So, I’m going to put Dawn’s Rise aside for the time being. I’m much more interested in creating new stories right now. I’ve been working on the same novel for 7 months. I have a partial ms, a couple of ideas, and this “new shiny idea” that I’m fleshing out. You may remember me posting a whimsical “Lover’s Journey” last week. I tried writing the same thing from the woman’s perspective (a would be “Part II”), and I wound up with a decent plot. I mean, a really decent plot. It’s a classic romance: a woman has to choose between a life of comfort and wealth or a life of uncertainty with the man she loves. (Don’t ask me why I keep getting engrossed with stories featuring heroines. But the MMC** in this outline is totally kick-ass, one of the best concepts I’ve had to date, very conflicted.). Romance writer? Me?? I already know my pen name: Andrea Rose. Would make book signings…awkward.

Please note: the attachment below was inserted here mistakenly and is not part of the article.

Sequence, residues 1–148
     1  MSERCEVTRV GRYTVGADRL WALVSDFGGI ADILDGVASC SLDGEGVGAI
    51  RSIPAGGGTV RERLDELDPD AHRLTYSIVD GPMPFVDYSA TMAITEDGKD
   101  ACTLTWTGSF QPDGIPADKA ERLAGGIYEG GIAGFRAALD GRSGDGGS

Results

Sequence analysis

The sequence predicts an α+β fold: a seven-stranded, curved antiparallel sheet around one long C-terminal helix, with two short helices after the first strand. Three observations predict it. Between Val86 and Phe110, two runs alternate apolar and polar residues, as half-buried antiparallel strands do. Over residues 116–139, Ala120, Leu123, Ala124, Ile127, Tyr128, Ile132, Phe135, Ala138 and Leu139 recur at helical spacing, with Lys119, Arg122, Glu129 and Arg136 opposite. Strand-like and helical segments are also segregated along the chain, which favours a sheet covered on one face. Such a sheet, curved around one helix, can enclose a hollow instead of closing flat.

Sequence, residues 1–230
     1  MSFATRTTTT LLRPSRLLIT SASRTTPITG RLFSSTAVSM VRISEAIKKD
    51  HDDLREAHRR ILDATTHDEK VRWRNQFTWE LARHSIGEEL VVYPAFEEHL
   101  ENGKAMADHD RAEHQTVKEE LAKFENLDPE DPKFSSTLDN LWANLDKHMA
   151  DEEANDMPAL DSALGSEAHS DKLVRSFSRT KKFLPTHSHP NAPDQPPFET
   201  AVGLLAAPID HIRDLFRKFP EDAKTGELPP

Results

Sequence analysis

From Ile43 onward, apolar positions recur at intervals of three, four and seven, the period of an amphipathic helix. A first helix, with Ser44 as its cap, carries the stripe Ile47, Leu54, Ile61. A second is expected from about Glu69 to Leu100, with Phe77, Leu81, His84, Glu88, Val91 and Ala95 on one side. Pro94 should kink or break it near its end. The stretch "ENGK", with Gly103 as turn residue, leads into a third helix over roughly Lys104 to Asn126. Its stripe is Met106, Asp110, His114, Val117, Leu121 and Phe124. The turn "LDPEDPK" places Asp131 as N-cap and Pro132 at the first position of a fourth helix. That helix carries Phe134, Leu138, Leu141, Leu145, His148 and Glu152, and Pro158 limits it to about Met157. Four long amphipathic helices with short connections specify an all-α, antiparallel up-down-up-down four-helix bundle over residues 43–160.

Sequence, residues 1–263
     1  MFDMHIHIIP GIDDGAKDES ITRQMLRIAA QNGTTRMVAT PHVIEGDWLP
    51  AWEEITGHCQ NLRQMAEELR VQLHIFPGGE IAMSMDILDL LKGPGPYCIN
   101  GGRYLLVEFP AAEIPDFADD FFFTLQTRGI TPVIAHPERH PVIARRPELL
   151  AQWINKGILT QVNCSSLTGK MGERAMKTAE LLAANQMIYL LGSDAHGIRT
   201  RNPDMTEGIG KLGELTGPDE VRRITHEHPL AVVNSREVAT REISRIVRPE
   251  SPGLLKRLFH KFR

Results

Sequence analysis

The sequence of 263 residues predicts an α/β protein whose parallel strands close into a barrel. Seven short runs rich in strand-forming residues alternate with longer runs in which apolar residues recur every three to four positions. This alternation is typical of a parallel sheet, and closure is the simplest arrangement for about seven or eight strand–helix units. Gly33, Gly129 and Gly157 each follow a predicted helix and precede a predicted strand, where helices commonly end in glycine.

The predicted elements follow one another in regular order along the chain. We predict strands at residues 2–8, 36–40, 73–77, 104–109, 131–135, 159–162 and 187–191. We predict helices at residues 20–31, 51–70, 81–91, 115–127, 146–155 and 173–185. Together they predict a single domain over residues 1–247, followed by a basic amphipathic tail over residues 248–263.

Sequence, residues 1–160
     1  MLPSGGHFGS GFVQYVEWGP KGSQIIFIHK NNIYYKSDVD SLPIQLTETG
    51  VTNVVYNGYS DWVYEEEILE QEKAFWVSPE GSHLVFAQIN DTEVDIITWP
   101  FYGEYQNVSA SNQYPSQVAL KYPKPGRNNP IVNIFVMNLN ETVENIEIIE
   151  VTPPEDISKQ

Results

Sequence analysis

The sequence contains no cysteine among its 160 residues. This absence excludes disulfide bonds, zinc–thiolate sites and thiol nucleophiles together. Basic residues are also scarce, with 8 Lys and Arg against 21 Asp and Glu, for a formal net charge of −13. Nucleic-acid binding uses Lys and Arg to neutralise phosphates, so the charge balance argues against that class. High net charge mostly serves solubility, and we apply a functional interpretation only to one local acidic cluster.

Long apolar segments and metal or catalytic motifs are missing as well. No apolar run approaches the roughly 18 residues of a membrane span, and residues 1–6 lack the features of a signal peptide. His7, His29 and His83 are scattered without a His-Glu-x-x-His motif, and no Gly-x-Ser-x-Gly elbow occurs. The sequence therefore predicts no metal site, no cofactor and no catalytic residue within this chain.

What’s interesting is that I wrote a whole story in under 3000 words. I don’t mean a short story, I mean a whole novel-scoped story. Obviously, it’s all telling with almost no dialog. Now, the story itself is laughably bad, and my wife couldn’t stop from laughing (at me) when I read it to her, but when I stepped back and retold it from a higher level, it worked. I started fleshing it out a bit, taking each paragraph and writing a page of details. Ideas began springing into my head: hmm, this would work as historical fiction. This would work as a Western. Heck, this would be awesome as Steampunk, which would require less research and more creativity. Is this the beauty of the outline method? I captured the essence of the story, the emotional journey, and now I can fill in the settings, the dialog, the subplots and characters to make this thing breathe. I think I may start a new blog category called “Epiphany.”

I’m probably going to work on this for a week or so, and see where it goes. I know that I will return to Dawn’s Rise, but I think I need some distance at this point. I hate doing this because I really want to be able to complete DR, but I also want to enjoy what I’m working on. My other hope is that maybe with this outline method, I can craft drafts that don’t require endless revisions and critiques—that I have the “story” part of the story worked out so I can focus on the details, instead of starting with details and working back to the story.

How has outlining helped you?